Then there was Neil Tilly, a 35-year old roofer waiting for an Amtrak train to take him home to Wenatchee, across the Cascade Mountains in Eastern Washington. Before the recession he spent four years working construction in Reno. As construction slowed to a standstill he found himself out of work and back home in Wenatchee.
“Instead of working,” he says matter-of-factly, “I was sitting in bars and drinking too much. I got into a bar fight ended up with a two year prison term – first time I’ve been trouble. The whole experience changed me, both unemployment and prison. Today, I’m more cautious in life and I don’t drink anymore.”
Tilly is employed again, doing commercial flat roofs in Wenatchee but, he says, there’s not as much work as there was before the crash.
My last interview was Mayor Stephanson. It’s a whole different ball game on the tenth floor of the commercial building that serves as City Hall. Mayor Stephanson’s emerges from an earlier meeting dressed in a conservative yet natty suit, his blonde hair streaked with grey and neatly coiffed.
We sit in a big conference room with a huge picture window showcasing one of Everett’s greatest assets, a panoramic view of Puget Sound to the west and the mighty Olympic Mountains hovering on the horizon across the sound on the Olympic Peninsula. I’ve lived in the Pacific Northwest for 39-years and it still staggers me.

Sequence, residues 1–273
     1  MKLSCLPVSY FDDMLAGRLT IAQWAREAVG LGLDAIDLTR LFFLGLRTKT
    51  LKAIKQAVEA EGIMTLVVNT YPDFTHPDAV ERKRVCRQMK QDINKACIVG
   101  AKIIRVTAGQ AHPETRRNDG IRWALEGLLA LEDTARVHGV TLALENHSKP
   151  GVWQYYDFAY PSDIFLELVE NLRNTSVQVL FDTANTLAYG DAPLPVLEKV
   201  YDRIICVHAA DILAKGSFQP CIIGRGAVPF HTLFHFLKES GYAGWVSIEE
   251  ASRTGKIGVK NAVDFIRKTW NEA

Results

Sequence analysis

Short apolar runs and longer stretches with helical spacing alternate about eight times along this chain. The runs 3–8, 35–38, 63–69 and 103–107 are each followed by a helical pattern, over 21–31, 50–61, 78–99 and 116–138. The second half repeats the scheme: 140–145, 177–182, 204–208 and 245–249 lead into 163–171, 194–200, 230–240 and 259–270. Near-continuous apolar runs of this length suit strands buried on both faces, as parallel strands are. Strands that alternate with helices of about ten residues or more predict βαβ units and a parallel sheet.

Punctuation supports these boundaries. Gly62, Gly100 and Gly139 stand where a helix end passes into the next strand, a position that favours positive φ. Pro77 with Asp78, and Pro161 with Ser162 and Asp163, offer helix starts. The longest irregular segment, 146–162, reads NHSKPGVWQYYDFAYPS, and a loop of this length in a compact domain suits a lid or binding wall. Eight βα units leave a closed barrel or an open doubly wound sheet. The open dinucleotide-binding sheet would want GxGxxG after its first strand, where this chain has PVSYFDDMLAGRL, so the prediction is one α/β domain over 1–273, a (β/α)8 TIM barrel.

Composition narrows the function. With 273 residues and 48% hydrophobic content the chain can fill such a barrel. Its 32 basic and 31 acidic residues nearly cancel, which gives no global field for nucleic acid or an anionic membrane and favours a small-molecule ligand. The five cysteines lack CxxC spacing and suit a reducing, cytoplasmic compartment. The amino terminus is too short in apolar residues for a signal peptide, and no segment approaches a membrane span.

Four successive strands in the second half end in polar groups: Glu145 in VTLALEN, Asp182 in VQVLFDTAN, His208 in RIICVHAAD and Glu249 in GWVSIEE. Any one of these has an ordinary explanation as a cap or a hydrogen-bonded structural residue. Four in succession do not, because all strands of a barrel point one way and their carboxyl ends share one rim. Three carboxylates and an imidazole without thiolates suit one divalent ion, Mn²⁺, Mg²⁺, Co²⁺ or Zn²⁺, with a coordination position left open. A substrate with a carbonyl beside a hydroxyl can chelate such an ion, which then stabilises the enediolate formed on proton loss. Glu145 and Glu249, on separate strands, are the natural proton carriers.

Stephanson has ten years in office and even before the recession, he says he took measures he called protective in the face of any economic situation, cutting costs, reducing debt and basically streamlining. Still the recession hit hard.
“Because we were as ready as we could be,” he told me, “we did not have to cut first responders’ services but we cut in many other small ways to face the crisis and we came through it pretty well compared to other cities.”
Post recession, though, things are different. “It significantly affected peoples’ spending habits,” he says. “Our sales tax revenue hasn’t recovered yet; it is down 20% from pre-recession years and I call that the ‘new norm.’”
In 2012 the mayor earned $154,956.72. I have no idea how the city council arrived at that figure. During the recession, though, the belts tightened in the Stephanson household.
“No more new car every year,” he said. More significant, however, is the Mayor’s housing situation. He’s an empty nester but, because home prices dropped so dramatically, he cannot afford to downsize out of a house that is now way too large for he and his wife. Even at the top, “hard times" happened.
Tomorrow I set out northward again, stopping for a quick farewell with to dear friend Jim Stutzman on Guemes Island (http://leezardonlife.blogspot.com/2013/02/time.html?zx=7d3f316a50e11dbc). On Friday I'll turn east across the magnificent North Cascades highway and the real journey.